In (2. 1) we assume$\frac{\text{n}\pm \alpha }{2}\ne 0, -1, -2, \ldots$. According to Proposition 7.1 of [ 9 ] the operator Kα, defined by${{\text{K}}_{\alpha }}\text{f=f }*\text{ }{{\Phi }_{\alpha }}$$=\text{c}_{\alpha }^{-1}\int_{{{\text{H}}_{\text{n}}}}{\text{f(y)}{{\varphi }_{\alpha }}({{\text{y}}^{-1}}\text{x})}\text{d}{{\text{H}}_{\text{n}}}(\text{y}),$$\text{f}\in \text{C}_{0}^{\infty }({{\text{H}}_{\text{n}}})$is inverse to${\cal{L}}_{\alpha }$, as long as α is admissible, i.e.,$\frac{\text{n}\pm \alpha }{2}\ne 0, -1, -2, \ldots$.

2.4 Theorem. Let α be admissible. Then$\sigma ({{\text{K}}_{\alpha }})(\text{x}, \xi)=\sigma ({{\text{G}}_{\alpha }})(\text{x}, \xi),$ξ ≠ 0, where$\sigma({{\text{G}}_{\alpha }})(\text{x},\xi)$is given by (1.22). In other words,$\caption {(2.5)} ({{\text{K}}_{\alpha }}\text{f})(\text{x})={{(2\pi )}^{-2\text{n}-1}}\int_{{{\mathbb{R}}^{2\text{n}+1}}}{{{\text{e}}^{\text{i}<\text{x},\xi >}}\sigma ({{\text{G}}_{\alpha }})(\text{x},\xi )\hat{\text{f}}(\xi )\text{d}\xi }$whenever$\text{f}\in \cal{S}$,

Proof. Starting with$\caption {(2.6)} ({{\text{K}}_{\alpha }}\text{f})(\text{x})=\text{c}_{\alpha }^{-1}{{(2\pi )}^{-2\text{n}-1}}\int_{{{\text{H}}_{\text{n}}}}{{{\varphi }_{\alpha }}({{\text{y}}^{-1}}\text{x})\text{d}{{\text{H}}_{\text{n}}}(\text{y})\int_{{{\mathbb{R}}^{2\text{n}+1}}}{{{\text{e}}^{\text{i}<\text{y},\xi >}}}\hat{\text{f}}(\xi )\text{d}\xi }$we shall compute$\caption {(2.7)} \sigma ({{\text{K}}_{\alpha }})(\text{x},\xi )=\text{c}_{\alpha }^{-1}{{\text{e}}^{-\text{i}<\text{x},\xi >}}\int_{{{\mathbb{R}}^{2\text{n}+1}}}{{{\varphi }_{\alpha }}({{\text{y}}^{-1}}\text{x}){{\text{e}}^{\text{i}<\text{y},\xi >}}\text{dy}{{2}^{-\text{n}}}}.$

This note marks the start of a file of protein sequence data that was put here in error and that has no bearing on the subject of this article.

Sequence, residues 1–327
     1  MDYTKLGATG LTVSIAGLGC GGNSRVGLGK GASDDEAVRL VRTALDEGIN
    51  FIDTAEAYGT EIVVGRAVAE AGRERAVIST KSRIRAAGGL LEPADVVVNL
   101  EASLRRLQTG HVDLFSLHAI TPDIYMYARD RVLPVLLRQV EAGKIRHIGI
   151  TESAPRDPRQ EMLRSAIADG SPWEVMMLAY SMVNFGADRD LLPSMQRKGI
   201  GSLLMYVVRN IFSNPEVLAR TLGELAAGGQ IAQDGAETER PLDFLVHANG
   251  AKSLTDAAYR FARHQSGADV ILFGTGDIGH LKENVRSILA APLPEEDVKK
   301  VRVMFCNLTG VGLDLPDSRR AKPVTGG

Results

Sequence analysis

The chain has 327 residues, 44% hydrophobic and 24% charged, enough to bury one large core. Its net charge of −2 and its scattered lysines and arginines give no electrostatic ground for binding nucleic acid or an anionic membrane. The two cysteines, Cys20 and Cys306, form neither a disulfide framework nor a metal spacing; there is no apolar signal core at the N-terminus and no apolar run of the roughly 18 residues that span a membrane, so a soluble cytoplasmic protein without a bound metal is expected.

We shall do the computation only if${{\xi}_{\text{0}}}>0$. It is similar if${{\xi}_{\text{0}}}<0$. We use the notation${{\text{z}}_{\text{j}}}={{\text{x}}_{2\text{j}-1}}+\text{i}{{\text{x}}_{2\text{j}}},\ {{\text{w}}_{\text{j}}}={{\text{y}}_{2\text{j}-1}}+\text{i}{{\text{y}}_{2\text{j}}},\ \text{j=1,}\ldots\text{,n,}$and recall that$\text{d}{{\text{H}}_{\text{n}}}(\text{x})={{2}^{-\text{n}}}\text{dx}.$

First we compute...

• Chapter 3. □b on functions and the solvability of the Lewy equation
(pp. 36-43)